Since 2012, the Russian government has strengthened its efforts to censor the internet and limit individual freedoms. With the escalating conflict in Ukraine, censorship has only increased. Through targeted regulation and by keeping a tight control on the telecommunications sector, Russia manages to:
- Silence political opposition
- Discriminate against the LGBTQ+ community
- Block communication apps and social media platforms
- Spread disinformation and war propaganda
Facing intimidation, violence, and even imprisonment for speaking freely, activists, citizens, and journalists turn to online tools to circumvent censorship.
VPNs are not illegal in Russia, but installing one requires some attention and caution. Surfshark VPN is a great option that will allow you to access the internet freely, both in Russia and beyond.
Censorship in Russia has been reaching new heights following its invasion of Ukraine in February 2022.
For years, international human rights groups have expressed concerns about the way Russian authorities treat the free press. Hundreds of thousands of web pages are blocked each year, and media houses that refuse to comply with state-set limitations are cut off.
Journalists continue to live in a hostile environment of terror, where their freedom of expression is heavily curtailed by fines, detention, and violence.
With the invasion of Ukraine, Russian authorities are cracking down on freedom of speech like never before. Those who “spread disinformation” about the war can face prison sentences for up to 15 years. As a result, international media outlets are drastically limiting their activity in Russia.
It’s essential that people continue to have access to independent media, especially in times of war. This article will take a closer look at censorship in Russia, examine it in the context of the current conflict, and provide advice for those looking to get online safely.
Censorship in Russia: Attack on Freedom of Speech
Censorship is often used as a political tool. When imposed by a national government, it can be a way to control the public narrative. If you limit people’s access to diversified information, you limit what they can know.
In Russia, the use of censorship to steer public opinion is not a new practice. The Russian government has been censoring the internet since 2012 when it first started blacklisting websites for criminal activities and terrorism. Because the scale and severity of Russian censorship have only increased, international watchdog Freedom House classifies Russia as “not free” on their Global Freedom Index.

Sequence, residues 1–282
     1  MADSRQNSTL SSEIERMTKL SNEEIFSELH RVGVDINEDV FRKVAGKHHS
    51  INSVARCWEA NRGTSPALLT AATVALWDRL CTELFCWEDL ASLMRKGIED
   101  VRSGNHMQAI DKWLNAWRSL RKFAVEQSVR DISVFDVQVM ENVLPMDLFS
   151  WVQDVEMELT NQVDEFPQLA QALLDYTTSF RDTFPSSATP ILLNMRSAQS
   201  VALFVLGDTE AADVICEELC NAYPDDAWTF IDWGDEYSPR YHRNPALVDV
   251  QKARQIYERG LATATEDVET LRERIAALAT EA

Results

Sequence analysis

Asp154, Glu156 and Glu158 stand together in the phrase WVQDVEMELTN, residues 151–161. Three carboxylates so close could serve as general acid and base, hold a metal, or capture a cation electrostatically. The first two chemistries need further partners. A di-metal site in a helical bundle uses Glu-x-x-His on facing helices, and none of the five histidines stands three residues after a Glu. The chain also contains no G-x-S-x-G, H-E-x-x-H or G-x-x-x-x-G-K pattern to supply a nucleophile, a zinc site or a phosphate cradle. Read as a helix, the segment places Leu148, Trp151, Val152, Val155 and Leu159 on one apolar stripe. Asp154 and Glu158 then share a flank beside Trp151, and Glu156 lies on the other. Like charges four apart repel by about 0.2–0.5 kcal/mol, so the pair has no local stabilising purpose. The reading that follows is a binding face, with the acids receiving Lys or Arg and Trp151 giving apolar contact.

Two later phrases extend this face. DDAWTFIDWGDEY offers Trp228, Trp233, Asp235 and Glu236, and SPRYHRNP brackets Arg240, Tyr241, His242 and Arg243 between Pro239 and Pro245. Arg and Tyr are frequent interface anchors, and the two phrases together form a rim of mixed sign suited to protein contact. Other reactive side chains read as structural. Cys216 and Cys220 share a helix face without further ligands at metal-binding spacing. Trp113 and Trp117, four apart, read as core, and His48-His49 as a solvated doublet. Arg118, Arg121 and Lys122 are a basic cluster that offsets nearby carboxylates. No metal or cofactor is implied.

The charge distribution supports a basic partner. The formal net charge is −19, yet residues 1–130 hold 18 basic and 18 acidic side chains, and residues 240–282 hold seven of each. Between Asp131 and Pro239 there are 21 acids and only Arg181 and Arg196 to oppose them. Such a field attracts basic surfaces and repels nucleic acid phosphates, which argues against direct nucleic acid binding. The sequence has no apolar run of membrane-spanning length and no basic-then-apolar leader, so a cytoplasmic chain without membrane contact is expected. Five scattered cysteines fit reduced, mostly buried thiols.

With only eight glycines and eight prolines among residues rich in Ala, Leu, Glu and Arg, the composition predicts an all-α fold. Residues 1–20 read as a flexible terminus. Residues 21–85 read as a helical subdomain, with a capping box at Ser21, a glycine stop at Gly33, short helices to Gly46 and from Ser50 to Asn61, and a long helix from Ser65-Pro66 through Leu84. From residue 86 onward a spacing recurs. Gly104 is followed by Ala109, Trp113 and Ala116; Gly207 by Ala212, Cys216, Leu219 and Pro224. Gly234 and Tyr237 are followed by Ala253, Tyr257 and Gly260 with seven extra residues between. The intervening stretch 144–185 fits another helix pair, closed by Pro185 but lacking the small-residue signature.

In January 2021, opposition figure Aleksey Navalny was arrested and imprisoned. Mass riots in response to the arrest were met with force by Russian authorities; more than 11,500 people were detained. Now, with the unlawful Russian invasion of Ukraine, censorship and suppression are once again escalating.
In order to get around censorship, people can generally use a VPN (virtual private network). In 2017, the Russian government passed a new law that restricts software related to circumventing internet filters, including VPNs and proxy services. That’s why it’s important to know the extent of Russian censorship and stay cautious when going online.
Russian Censorship of Ukraine
Ukraine is a geopolitical target for Russia. Located between two spheres of influence, Ukraine has been caught in an ideological information war for years.
Since the Russian annexation of Crimea in 2014 and the subsequent war in the Donbas region, the media landscape in Ukraine has been polarized. Through censorship, the Kremlin has been trying to use this polarization to its advantage.
It’s important to note that both sides are clamping down on the narrative. While Russia censors its activities in Ukraine for its citizens, Ukraine has also censored Russian outlets. RT was banned in 2014 after Russia’s annexation of Crimea, for instance. Censorship is used by both parties to control the narrative and reduce public access to key events in the war.
Crimea and the Donbas